A facelift for the pig

E-government will now be accepted by many as having provided “lipstick on the pig” (a favourite expression of mine indicating that whist you can apply lipstick to the pig, it still remained a pig), in other words sticking a web front-end on many government services has still left the applications and processes limping along in a back-office somewhere, without process or regulatory improvement.

However, the new 69 page report from the so-called Network for the Post-Bureaucratic* Age (nPBA) entitled “Better for Less – How to make Government IT deliver savings” is much more of an encouragement for a face-lift for the pig, and a cheap one at that! I’d mentioned another paper from Liam Maxwell in July 2009,where I  supported some of the proposals and  suggested that it might indicate a future government’s policy and similarly this document, in my opinion, is just as good again (in parts).

The paper has many good points, but despite Mr Maxwell’s exposure to local government ICT, this strategy still falls down where e-government did 13 years ago. A pig is still a pig, despite lipstick or facelift and the nominal attack on bureaucracy is not necessarily a good idea, as McSweeney explains in the paper* on the post-bureaucratic age. It’s the wasteful parts of service processes that need sorting out, and they are frequently as a result of legislation or central government demands.

As described by Paul Henman in his analysis of “New Conditionality”, ICT has facilitated complex and frequent changes to legislation and regulation, these in turn add to the complexity of the ICT solutions and the cycle continues ad infinitum developing the complexity of government ICT. This is where the change needs to occur – simpler regulation and legislation.

Rather than auditing ICT, what we need in reality is a proposal, by some authors with an understanding of what makes good services delivered by central and local government, of how we audit end-to-end government services and in the process identify areas of true regulated bureaucracy that can be removed. Further, any attempts at rationalization should account for multi-channel service delivery. Many of the applications in the “new conditional” world link together and off onto web sites or corporate applications, this could provide some of the open data desirable for the commonweal, which whilst not of general interest will still have value to the local community.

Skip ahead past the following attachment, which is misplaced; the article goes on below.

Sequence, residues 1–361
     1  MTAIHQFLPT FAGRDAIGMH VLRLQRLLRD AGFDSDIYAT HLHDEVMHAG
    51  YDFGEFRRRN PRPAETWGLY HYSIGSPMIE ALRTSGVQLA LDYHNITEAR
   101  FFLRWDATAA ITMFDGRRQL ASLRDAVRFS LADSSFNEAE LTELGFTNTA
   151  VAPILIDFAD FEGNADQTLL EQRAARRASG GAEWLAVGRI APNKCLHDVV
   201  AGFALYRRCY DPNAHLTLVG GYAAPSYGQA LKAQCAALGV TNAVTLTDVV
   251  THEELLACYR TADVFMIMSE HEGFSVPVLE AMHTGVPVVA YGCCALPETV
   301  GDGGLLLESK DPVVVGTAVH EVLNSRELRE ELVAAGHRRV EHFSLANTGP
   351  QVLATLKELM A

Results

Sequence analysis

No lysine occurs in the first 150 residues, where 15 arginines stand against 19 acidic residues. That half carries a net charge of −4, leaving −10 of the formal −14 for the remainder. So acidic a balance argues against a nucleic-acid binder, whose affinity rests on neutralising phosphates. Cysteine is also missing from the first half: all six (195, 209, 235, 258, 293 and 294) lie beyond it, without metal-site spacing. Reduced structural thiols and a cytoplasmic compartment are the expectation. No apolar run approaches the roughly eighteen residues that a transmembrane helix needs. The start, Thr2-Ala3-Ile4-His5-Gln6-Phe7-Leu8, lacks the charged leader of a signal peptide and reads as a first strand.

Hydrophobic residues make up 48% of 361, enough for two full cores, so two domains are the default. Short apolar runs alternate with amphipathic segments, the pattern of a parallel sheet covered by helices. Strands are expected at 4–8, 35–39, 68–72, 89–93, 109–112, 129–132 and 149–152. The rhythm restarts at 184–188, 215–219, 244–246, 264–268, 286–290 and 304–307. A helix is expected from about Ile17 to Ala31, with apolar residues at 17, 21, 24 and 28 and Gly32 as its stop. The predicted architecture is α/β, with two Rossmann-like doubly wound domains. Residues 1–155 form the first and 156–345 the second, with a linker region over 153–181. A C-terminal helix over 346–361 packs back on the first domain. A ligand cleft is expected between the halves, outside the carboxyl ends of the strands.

Further, in a couple of instances, Mr Maxwell examines and compares the costs of ICT in local and central government, which can be a very misleading practice. Even with the amount of regulation, financial accounting in government is a dark art with the use of on-costs and recharges varying from authority to authority to the extent that costing for IT services is not straightforward and one can easily be comparing apples and oranges. Perhaps, another area to standardize?

*If anyone wants to know what “post-bureacracy” is,  there’s  an excellent critique of the Cameronesque “post-bureaucratic age” concept in a recent revision of an earlier academic paper by Brendan McSweeney entitled “Is a post-bureaucratic age possible?” As a summary, Mc Sweeney states “as a reaction against the authoritarianism of the previous UK government’s (New Labour’s) neo-conservatism, David Camerson’s sentiment is a welcome one, but as a programme for comprehensive transformation it is not achievable.” Which I’d say applies to the nPBA’s report also.

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